Member State/District Systems with contamination Vote on Energy Bill
final passage
in 2003
1 Akin, W. Todd MO-2nd 2 Yea
2 Baca, Joe CA-43rd 2 Yea
3 Bachus, Spencer AL-6th 2 Yea
4 Barrett, J. Gresham SC-3rd 4 Yea
5 Bartlett, Roscoe G. MD-6th 50 Yea
6 Barton, Joe TX-6th 1 Yea
7 Berry, Marion AR-1st 28 Yea
8 Biggert, Judy IL-13th 1 Yea
9 Blunt, Roy MO-7th 2 Yea
10 Bonilla, Henry TX-23rd 3 Yea
11 Bonner, Jo AL-1st 5 Yea
12 Boozman, John AR-3rd 18 Yea
13 Brady, Kevin TX-8th 1 Yea
14 Brown, Henry E. Jr. SC-1st 1 Yea
15 Burgess, Michael C. TX-26th 1 Yea
16 Buyer, Steve IN-4th 3 Yea
17 Camp, Dave MI-4th 3 Yea
18 Cantor, Eric VA-7th 3 Yea
19 Carter, John R. TX-31st 2 Yea
20 Cole, Tom OK-4th 4 Yea
21 Culberson, John Abney TX-7th 2 Yea
22 Cunningham, Randy ``Duke'' CA-50th 1 Yea
23 Davis, Jo Ann VA-1st 1 Yea
24 DeLay, Tom TX-22nd 1 Yea
25 Dreier, David CA-26th 6 Yea
26 Emerson, Jo Ann MO-8th 4 Yea
27 Evans, Lane IL-17th 6 Yea
28 Everett, Terry AL-2nd 1 Yea
29 Feeney, Tom FL-24th 1 Yea
30 Foley, Mark FL-16th 3 Yea
31 Gerlach, Jim PA-6th 11 Yea
32 Gibbons, Jim NV-2nd 3 Yea
33 Goode, Virgil H. Jr. VA-5th 2 Yea
34 Goodlatte, Bob VA-6th 2 Yea
35 Graves, Sam MO-6th 2 Yea
36 Green, Gene TX-29th 2 Yea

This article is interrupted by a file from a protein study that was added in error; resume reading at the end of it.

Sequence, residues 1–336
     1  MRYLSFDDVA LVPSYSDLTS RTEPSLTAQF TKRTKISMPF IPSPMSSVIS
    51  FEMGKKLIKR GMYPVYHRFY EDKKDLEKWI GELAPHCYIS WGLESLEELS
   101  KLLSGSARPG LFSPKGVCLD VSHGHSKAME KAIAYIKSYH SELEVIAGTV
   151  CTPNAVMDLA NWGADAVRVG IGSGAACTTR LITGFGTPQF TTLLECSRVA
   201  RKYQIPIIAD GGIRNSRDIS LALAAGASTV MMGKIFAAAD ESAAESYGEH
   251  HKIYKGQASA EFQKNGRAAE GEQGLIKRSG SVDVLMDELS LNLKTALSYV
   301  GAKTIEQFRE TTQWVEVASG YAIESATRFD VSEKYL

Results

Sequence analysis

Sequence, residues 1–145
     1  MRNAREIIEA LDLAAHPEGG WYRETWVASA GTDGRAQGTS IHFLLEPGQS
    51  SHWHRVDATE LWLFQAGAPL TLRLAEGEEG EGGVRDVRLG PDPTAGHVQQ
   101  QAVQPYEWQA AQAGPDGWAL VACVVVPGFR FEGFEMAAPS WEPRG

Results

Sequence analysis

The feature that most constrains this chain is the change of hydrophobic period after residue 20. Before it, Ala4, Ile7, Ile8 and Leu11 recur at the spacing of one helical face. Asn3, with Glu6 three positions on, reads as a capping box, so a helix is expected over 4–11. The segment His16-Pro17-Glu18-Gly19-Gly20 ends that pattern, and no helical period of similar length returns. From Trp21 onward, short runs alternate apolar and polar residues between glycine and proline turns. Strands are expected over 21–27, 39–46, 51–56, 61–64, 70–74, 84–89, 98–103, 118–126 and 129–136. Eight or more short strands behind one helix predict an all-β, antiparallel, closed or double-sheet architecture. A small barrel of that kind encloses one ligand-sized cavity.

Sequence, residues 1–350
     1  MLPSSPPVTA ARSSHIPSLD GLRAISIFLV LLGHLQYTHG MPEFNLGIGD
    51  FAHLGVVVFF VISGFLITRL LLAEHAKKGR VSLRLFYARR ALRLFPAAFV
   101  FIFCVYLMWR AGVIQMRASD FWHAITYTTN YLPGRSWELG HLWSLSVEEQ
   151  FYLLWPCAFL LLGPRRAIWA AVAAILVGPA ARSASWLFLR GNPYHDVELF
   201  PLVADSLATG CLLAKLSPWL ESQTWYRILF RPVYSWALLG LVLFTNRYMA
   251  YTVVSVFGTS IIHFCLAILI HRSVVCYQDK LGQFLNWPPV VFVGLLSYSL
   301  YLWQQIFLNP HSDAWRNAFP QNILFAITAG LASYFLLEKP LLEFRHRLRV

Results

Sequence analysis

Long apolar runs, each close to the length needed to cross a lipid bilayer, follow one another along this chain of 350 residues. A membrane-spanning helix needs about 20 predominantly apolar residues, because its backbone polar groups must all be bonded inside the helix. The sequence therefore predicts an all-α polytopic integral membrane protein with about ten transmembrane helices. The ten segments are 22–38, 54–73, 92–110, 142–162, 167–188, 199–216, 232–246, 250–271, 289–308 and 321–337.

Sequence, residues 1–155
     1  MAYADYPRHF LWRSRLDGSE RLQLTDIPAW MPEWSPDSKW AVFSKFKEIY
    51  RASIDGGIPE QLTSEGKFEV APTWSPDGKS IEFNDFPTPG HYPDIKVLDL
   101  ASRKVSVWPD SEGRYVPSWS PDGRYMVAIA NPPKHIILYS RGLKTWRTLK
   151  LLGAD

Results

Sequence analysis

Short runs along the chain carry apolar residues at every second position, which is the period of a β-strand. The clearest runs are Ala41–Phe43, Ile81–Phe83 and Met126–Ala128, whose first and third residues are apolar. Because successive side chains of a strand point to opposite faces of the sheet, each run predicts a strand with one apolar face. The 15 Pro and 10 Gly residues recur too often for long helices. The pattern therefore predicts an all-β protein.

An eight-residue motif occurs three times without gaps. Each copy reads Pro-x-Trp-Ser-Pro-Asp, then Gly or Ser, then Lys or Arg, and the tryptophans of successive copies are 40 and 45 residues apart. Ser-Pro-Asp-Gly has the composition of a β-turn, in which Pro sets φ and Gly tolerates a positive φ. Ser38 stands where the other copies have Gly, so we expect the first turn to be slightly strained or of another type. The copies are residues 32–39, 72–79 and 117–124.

37 Gutknecht, Gil MN-1st 4 Yea
38 Hall, Ralph M. TX-4th 4 Yea
39 Harris, Katherine FL-13th 1 Yea
40 Hastert, J. Dennis IL-14th 5 Yea
41 Hoekstra, Peter MI-2nd 1 Yea
42 Holden, Tim PA-17th 3 Yea
43 Hunter, Duncan CA-52nd 2 Yea
44 Hyde, Henry J. IL-6th 1 Yea
45 Issa, Darrell E. CA-49th 4 Yea
46 Istook, Ernest J. Jr. OK-5th 4 Yea
47 Johnson, Timothy V. IL-15th 2 Yea
48 Kennedy, Mark R. MN-6th 5 Yea
49 Kline, John MN-2nd 7 Yea
50 LaHood, Ray IL-18th 7 Yea
51 Lewis, Jerry CA-41st 3 Yea
52 Lucas, Frank D. OK-3rd 5 Yea
53 McCotter, Thaddeus G. MI-11th 1 Yea
54 McHugh, John M. NY-23rd 14 Yea
55 Manzullo, Donald A. IL-16th 8 Yea
56 Neugebauer, Randy TX-19th 2 Yea
57 Ney, Robert W. OH-18th 2 Yea
58 Osborne, Tom NE-3rd 4 Yea
59 Pearce, Stevan NM-2nd 2 Yea
60 Pence, Mike IN-6th 1 Yea
61 Peterson, Collin C. MN-7th 3 Yea
62 Platts, Todd Russell PA-19th 4 Yea
63 Pombo, Richard W. CA-11th 2 Yea
64 Radanovich, George CA-19th 4 Yea
65 Ramstad, Jim MN-3rd 2 Yea
66 Rogers, Mike MI-8th 3 Yea
67 Rogers, Mike AL-3rd 1 Yea
68 Ross, Mike AR-4th 50 Yea
69 Sessions, Pete TX-32nd 1 Yea
70 Shaw, E. Clay Jr. FL-22nd 1 Yea
71 Sherwood, Don PA-10th 7 Yea
72 Shimkus, John IL-19th 8 Yea
73 Skelton, Ike MO-4th 1 Yea
74 Smith, Lamar S. TX-21st 12 Yea
75 Terry, Lee NE-2nd 1 Yea
76 Thornberry, Mac TX-13th 1 Yea
77 Upton, Fred MI-6th 2 Yea
78 Weldon, Curt PA-7th 5 Yea
79 Weller, Jerry IL-11th 5 Yea
80 Wilson, Heather NM-1st 1 Yea
81 Wilson, Joe SC-2nd 7 Yea
82 Wynn, Albert Russell MD-4th 2 Yea
83 Young, C. W. Bill FL-10th 1 Yea
84 Young, Don AK-At Large 1 Yea

 

Source: Environmental Working Group. Data on MTBE lawsuits obtained from court records and law firms representing communities. Information on MTBE contamination is derived from data obtained from state agencies under the Federal Freedom of Information Act or state public records laws. Data were unavailable for some states; other states reported no MTBE detections. Some states currently do not require reporting of MTBE detections.